But most people don’t really give much thought about what’s behind the scenes, what’s powering the internet and the cloud. Would it astonish you to know that subsea cables are the invisible force driving today’s internet? That’s right. When you’re binge watching your favorite show, or watching your two hundredth funny cat/dog/goat/horse video, or saving the world in an alternate online universe, infinite amounts of that data are traveling across the bottom of the ocean. While satellites might seem the more likely approach for data delivery, physical cables laid across ocean floors are capable of far more capacity and lower latency.
Subsea cables aren’t a new concept. The first transatlantic cable was completed in 1858, connecting the United States and Britain via telegraph. Queen Victoria sent a congratulatory message to President James Buchanan – the message took around 17 hours to deliver, at a rate of 2 minutes and 5 seconds per letter by Morse code. Not exactly up to internet era standards where everyone wants more, faster.
Today’s subsea market is booming, with around 378 submarine cables in service around the world, spanning over 1.2 million kilometers (according to TeleGeography), delivering petabytes of information around the globe daily. Hyperscale players like Google, Facebook, Amazon and Microsoft own or lease more than half of the undersea bandwidth.
So how does it work? Subsea cables use fiber optic technology. At its basic level, fiber optic communication is a method of transmitting information from one place to another using pulses of light sent through an optical fiber. Lasers on one end fire at extremely rapid rates down thin glass fibers to receivers at the other end of the cable. A subsea cable itself is usually roughly the size of a garden hose, made up in a large part by protective and insulation layers due to the harsh undersea conditions in which the cables must function. The actual filaments that carry the light signals are extremely thin, about the diameter of a human hair. Fiber optic cables carry these laser signals at a rate of terabits per second.
Where does Cisco fit into this subsea cable world? Cisco continues to be a leading optical transport vendor driving this evolution. Our optical networking solutions enable us to tailor the light signals for the best performance for such a long distance, without wasting any precious spectrum. We put multiple channels onto a single fiber by giving each channel its own color of light, or wavelength. And, we put as much capacity as possible onto each wavelength and then combine many wavelengths onto a single fiber.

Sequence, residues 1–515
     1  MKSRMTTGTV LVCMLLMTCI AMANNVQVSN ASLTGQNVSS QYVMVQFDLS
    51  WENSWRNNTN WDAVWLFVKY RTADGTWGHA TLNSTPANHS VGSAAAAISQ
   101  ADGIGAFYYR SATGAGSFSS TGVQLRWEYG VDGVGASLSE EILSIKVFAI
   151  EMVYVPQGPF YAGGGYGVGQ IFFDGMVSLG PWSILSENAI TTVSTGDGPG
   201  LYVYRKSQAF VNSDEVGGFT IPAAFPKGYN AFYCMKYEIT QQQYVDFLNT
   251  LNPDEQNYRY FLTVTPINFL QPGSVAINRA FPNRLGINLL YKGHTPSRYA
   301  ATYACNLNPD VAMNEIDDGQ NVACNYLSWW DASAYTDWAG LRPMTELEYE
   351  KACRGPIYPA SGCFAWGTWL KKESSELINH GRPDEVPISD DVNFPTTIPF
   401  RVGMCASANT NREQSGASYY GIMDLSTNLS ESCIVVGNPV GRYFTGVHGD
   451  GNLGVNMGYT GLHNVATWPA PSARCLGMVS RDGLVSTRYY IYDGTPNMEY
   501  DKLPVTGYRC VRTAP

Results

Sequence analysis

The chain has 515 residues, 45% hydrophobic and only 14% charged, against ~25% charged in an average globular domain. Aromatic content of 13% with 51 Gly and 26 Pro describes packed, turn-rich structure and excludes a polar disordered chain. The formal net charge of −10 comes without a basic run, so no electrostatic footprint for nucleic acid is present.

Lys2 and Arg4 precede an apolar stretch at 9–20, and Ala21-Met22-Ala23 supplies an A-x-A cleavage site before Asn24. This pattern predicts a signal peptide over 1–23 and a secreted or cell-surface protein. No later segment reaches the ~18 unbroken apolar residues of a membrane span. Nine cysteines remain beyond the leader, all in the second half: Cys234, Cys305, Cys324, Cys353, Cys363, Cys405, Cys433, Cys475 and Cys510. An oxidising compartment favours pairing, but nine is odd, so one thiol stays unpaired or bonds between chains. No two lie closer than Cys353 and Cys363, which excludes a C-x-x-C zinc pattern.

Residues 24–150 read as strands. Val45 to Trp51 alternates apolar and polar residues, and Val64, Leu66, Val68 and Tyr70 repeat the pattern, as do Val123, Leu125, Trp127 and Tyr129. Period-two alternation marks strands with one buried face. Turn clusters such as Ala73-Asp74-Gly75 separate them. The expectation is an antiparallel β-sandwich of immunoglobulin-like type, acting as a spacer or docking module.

In the past few months, we’ve had unprecedented momentum in both the subsea and terrestrial markets – made noticeable with several recent announcements, including deployments with Superloop and AARNet, as well as a MAREA subsea cable trial. In this trial, we demonstrated 26.4Tbps over 6,600 kms of subsea cable, from Virginia Beach in the U.S. to Bilbao, Spain. This 26.4Tbps performance surpasses all other deployments to date, setting a global spectral efficiency record. Think of spectral efficiency as a measure of how efficiently we used the fiber’s total available capacity. In layman’s terms, we delivered the maximum amount of data that can be transmitted in the available spectrum.
When the internet emerged in the mid 1990s, we were astounded by its disruptive influence. It was merely the beginning. By 2022, more IP traffic will cross global networks than in all prior “internet years” combined up to the end of 2016 (according to the Cisco VNI). In other words, more traffic will be created in 2022 than in the 30+ years since the internet started. That’s less than three years away! As the world continues to demand videos, apps and gaming – and as we look to the future of self-driving cars, artificial intelligence, and virtual and augmented reality – the internet and its rapid, reliable connectivity will only continue to grow as a powerful force that shapes our world and future.
Learn how the Cisco NCS 1004 is helping our customers keep up with current and future demands with more capacity, longer distance and lower cost per bit.